PHOTOS BY TIMOTHY KAYS, STAFF
By: Timothy Kays
The presence of the Eyes of Freedom Memorial in the gymnasium of the Edgerton School on the morning of November 18, did not merely coerce the attention of those present, it compelled it.
Looking into the eyes of the life sized portraits of the twenty-three members of Lima Company 3rd Battalion, 25th Marines who gave their lives in service to their country reaches far beyond the heart and mind. Seeing the combat boots underneath the identification plaque of each soldier is more than a moving experience. It connects with the very soul of every American who visits the traveling memorial.
Adding to the experience is the life-sized bronze sculpture in the middle of the portrait panels. Entitled, ‘Silent Battle’, the sculpture is of a seated soldier, gazing at a military dog tag in his left hand and representing those who have returned home, but still fight a silent war against the effects of post traumatic stress disorder, grief and other emotional issues arising from the theater of combat.
A special assembly was held in the Edgerton gymnasium on the morning of November 18 to not only honor the fallen from Lima Company ‘Three Deuce Five’, but to also pay patriotic homage to local veterans who were special guests of the school on this day.
Attendees made their way to the gymnasium through a gauntlet of students holding American flags. Once inside the gymnasium, the veterans were escorted to a special seating area, while students, faculty, staff and guests took seats in the bleachers. The audience was regaled with patriotic songs performed by everyone from the bands, to the school choirs…including several numbers performed by the elementary students.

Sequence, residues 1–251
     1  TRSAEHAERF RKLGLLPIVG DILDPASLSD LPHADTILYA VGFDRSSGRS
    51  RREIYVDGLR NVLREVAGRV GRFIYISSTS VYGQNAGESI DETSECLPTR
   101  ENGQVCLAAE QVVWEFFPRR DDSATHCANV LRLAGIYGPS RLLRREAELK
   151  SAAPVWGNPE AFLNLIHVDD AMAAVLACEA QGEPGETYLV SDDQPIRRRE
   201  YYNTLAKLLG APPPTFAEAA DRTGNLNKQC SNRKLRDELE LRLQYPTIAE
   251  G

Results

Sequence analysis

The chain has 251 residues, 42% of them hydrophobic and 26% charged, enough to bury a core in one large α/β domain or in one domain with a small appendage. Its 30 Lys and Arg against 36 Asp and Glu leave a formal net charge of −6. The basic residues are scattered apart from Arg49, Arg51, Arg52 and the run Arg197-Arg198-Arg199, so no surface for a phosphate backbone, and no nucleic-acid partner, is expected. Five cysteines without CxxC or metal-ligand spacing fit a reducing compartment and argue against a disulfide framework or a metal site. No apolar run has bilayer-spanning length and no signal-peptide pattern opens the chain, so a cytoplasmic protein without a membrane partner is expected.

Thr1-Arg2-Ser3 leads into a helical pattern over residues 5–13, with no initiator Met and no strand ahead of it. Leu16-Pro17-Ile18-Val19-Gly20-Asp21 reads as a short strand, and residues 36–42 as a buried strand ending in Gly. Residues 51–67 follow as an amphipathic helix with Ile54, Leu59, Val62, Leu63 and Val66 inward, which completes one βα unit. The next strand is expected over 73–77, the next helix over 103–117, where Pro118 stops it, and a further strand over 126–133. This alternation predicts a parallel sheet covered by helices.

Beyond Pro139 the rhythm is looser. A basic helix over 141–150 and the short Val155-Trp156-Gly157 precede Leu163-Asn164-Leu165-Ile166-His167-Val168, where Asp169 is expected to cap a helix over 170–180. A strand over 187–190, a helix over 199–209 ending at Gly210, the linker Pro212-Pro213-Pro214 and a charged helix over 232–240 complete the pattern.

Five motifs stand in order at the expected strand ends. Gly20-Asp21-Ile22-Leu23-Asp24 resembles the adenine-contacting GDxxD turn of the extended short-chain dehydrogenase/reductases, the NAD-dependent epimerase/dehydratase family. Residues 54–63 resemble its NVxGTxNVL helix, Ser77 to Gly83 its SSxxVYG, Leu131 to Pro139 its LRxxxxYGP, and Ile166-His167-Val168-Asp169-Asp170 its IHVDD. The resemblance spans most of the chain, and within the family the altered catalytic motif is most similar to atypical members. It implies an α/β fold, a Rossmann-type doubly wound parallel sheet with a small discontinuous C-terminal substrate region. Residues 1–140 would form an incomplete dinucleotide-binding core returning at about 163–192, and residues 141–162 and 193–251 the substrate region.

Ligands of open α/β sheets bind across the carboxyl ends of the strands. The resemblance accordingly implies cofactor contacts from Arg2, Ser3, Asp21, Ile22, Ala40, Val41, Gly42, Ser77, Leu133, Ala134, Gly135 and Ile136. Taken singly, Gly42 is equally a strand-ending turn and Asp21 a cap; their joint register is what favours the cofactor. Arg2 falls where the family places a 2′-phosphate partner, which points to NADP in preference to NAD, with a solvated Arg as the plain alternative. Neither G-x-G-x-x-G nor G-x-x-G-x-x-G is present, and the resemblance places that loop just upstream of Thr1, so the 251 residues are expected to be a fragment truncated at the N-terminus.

District Superintendent Kermit Riehle welcomed everyone to the event, and gave a brief outline as to what events were to come, one of which was the ceremony of the folding of the American flag. “One of the most impactful things we’ll see today,” he said, “…is the ceremony of the flag folding, something that brings great meaning to our freedom, to our heritage in the United States of America, and I think you’ll enjoy it greatly.”
“This morning, we have with us two Edgerton Board members who have also served in the military…Mr. Bob Siebenaler, Chief Master Sergeant in the Air Force, and Mr. Tom Flegal, who was a Sergeant in the United States Marine Corps.” Step by step, Mr. Siebenaler and Mr. Flegal folded the flag, with Mr. Riehle announcing the purpose and the meaning behind each of the thirteen folds.
Mr. Riehle introduced Lance Corporal Mike Strahle of the Columbus, Ohio-based Lima Company. A 2003 graduate of Bryan High School, Strahle was assigned to the First Platoon, and found himself in Iraq in early spring of 2005. On May 11, while conducting combat operations in the Al-Anbar Province near the Syrian border, the vehicle in which he was riding hit an IED, an improvised explosive device, in the road.
Six members of his squad were killed in the blast, and Strahle, grievously wounded, was evacuated for a long road of medical care and recovery. He now travels with the Eyes of Freedom Memorial across the nation. The memorial honors all who serve in the American military, past, present and future.
“Four years have passed like you wouldn’t believe,” Strahle said, “…and we are honored to have the Eyes of Freedom come back to Northwest Ohio. I have a really blessed life. I’ll just start with that. I had the honor of serving with some pretty fantastic men that are located behind me here.”
“We kicked a lot of butt overseas in Iraq in 2005. And I know many of you weren’t even born yet when that was happening, but on the other side of the world, there was an entire country that was being bullied around.”
“No matter whether you thought we should go help or not, when we got there, we realized how bad that they truly did need our help. We went there, and we provided that help, and we did a really great job at that. But the cost of all of that hugely successful eight months overseas, the cost of that is right behind me.”
“And that’s only the beginning. You know, there’s a lot of us that came home, and there’s still a cost being paid. I’ll tell you a little bit about that in a minute, but the mission continues; we continue to travel the country. I was banged up pretty good in 2005, and I’ve made a full recovery. It’s because of this mission behind me that that is even possible, and help from my family right here in front of me. We continue to roll around the country and honor everybody that’s ever served…then, long ago, now.”